However, do not assume that a verbal commitment will translate into a paid commitment. Ask participants who have expressed verbal commitment to put down a non-refundable deposit for the trip. This helps protect your organization financially and also elevates the commitment to something more concrete. You can usually count on paid commitments and you do not want to make decisions based on verbal commitments. If people feel concerned about the non-refundable deposit, direct them to travel insurance so they can recoup some of their costs if they chose to cancel. Please note, even if they don’t anticipate canceling, it is essential for you to direct them to purchase travel insurance. Many of the most robust policies are time-sensitive and begin the moment a deposit is provided; therefore, make sure your travel agent is prepared to refer people to a trusted travel insurance provider.
4. Have Your List and Check it Twice!
If your journey is by invitation only, then you need to make sure the people you are inviting match your criteria for the goals you are trying to achieve. If you are looking at transformational gift-giving, have you selected from that demographic of donor? Are they passionate about your mission and have the capacity to give at the level you are soliciting them for? Are they physically able to manage the demands of the itinerary you have put together? This might reduce your pool of eligible donors. If so, then you need to reduce the number of travelers by which you have priced the trip at to align with this reality.
A good indication that you have the right people on the trip is to clearly articulate the goals of the journey in your communication strategy. There should be no surprises about why you are inviting them on this trip. If these intentions are eloquently presented and your guests don’t hesitate to register, then you likely have the right people on the trip.
5. Your Breaking Point
Many organizations may plan a trip for more participants than end up joining the journey. Each organization should run the numbers when formulating their outreach strategy that has defined the minimum number of participants at which the trip is still worth running. The organization should understand what cost they are willing to absorb and still reach their ROI for the journey. It is important to make this decision at the beginning of the outreach process rather than the 11th hour when tensions can be high and payment deadlines near. It helps alleviate stress and provides clarity and understanding for staff.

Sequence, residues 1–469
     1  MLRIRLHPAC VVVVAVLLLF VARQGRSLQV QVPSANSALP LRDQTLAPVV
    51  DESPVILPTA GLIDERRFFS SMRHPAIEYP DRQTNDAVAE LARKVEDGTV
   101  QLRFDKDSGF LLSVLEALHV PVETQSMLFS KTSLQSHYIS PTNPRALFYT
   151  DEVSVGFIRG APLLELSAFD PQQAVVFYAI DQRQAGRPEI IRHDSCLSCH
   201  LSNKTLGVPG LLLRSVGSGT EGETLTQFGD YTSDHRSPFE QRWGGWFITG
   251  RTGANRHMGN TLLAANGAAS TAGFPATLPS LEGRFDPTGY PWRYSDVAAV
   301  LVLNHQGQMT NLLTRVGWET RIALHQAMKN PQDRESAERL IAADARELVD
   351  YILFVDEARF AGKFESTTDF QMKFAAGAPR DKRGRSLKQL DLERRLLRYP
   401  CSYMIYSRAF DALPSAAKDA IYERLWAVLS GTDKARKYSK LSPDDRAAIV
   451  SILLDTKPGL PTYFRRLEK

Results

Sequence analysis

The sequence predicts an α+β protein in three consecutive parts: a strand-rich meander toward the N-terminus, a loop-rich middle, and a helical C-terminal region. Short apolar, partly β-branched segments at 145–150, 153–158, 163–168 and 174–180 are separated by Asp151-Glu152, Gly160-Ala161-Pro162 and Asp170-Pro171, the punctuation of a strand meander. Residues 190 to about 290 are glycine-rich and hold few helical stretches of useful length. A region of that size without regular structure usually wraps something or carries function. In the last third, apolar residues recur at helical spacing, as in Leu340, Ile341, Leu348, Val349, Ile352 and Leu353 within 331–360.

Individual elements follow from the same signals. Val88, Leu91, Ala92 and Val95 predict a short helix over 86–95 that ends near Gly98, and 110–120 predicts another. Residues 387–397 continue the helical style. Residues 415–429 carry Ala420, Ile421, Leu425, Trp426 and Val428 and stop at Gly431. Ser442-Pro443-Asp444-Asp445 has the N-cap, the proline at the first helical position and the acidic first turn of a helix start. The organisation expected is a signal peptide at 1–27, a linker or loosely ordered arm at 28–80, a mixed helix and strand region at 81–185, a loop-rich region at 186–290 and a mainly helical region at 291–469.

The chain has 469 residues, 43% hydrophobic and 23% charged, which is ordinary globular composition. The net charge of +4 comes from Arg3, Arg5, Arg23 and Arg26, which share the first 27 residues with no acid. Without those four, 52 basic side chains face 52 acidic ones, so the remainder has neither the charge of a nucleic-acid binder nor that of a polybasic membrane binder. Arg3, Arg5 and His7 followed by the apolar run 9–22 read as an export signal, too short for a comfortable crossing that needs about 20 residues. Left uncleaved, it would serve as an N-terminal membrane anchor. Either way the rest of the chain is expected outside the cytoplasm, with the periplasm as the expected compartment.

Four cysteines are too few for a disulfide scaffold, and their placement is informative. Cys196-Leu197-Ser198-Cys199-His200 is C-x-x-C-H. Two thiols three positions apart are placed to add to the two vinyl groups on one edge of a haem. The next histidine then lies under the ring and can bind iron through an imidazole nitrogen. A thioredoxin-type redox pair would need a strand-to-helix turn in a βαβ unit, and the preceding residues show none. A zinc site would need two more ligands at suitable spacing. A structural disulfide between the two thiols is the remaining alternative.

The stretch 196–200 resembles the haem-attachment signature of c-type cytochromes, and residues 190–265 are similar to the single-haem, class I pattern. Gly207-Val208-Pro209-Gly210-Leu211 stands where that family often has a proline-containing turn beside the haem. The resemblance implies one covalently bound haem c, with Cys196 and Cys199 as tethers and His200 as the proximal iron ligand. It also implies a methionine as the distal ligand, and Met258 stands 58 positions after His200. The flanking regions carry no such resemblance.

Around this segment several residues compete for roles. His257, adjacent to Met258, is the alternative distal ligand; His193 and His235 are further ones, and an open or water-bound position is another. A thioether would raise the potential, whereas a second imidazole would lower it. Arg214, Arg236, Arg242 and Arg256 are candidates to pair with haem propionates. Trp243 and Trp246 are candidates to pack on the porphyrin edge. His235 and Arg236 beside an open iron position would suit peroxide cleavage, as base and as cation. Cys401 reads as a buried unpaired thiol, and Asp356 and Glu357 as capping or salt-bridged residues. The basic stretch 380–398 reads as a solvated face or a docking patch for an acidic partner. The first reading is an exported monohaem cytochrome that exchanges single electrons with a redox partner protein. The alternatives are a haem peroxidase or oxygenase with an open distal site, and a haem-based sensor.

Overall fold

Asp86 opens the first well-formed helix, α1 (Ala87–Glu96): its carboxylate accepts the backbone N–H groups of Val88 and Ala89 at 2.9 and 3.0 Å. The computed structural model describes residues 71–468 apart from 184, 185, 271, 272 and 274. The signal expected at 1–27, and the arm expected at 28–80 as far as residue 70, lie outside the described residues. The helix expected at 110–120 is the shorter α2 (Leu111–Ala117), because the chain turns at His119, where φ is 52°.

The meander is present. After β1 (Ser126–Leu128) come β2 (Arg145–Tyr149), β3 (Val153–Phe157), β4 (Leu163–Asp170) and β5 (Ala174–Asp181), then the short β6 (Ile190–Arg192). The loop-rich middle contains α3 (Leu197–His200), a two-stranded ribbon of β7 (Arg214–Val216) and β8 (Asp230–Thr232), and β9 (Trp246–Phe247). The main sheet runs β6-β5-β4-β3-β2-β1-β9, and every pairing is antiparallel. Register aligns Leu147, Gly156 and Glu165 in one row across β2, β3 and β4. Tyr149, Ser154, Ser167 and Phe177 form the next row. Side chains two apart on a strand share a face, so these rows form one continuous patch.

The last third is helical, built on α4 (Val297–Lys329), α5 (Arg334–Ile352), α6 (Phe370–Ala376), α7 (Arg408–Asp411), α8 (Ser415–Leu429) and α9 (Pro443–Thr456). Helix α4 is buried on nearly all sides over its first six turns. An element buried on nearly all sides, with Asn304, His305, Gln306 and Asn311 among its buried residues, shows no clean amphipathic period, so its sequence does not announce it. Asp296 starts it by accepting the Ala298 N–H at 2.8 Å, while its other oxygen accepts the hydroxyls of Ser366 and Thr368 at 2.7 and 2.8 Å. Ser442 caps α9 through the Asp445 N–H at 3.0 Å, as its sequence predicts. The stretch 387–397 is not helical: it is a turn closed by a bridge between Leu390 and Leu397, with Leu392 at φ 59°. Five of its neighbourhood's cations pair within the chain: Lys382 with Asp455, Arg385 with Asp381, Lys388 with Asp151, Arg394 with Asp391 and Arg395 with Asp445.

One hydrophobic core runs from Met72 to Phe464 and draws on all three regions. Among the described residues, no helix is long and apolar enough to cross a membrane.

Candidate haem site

It is also wise to have backup strategies for registration. This might include bringing someone from your fundraising team, communications team, finance or even inviting a journalist to fill a spot on a trip. Bringing staff who don’t often have the chance to visit your work can really inspire them and keep them engaged. It is also a pleasure for donors to get to know other members of your organization that they don’t normally interface with. Having these ideas clearly defined will help create a process that makes the most thoughtful and logical sense for an organization’s resources.
6. Think Ahead
When you are on your donor trip, you will want to be collecting videos, photos and testimonials that will help inspire the next group of donors you will invite onto these one of a kind journeys. It is not a bad idea to even hire a professional photographer for these images for a day or half a day. Composing an album or book after a trip is over is a wonderful memento for your donors but also provides future inspiration. Note, there are some important elements to collecting photos and videos on donor trips that need to be thought through. Please feel free to refer to our tips on photography policies for donor trips for additional guidance.
The above six essential tips for filling a donor trip will support organizations in the creation of a donor trip outreach strategy. If you have other ideas for outreach strategies for nonprofit travel, we’d love to hear from you! Email firstname.lastname@example.org.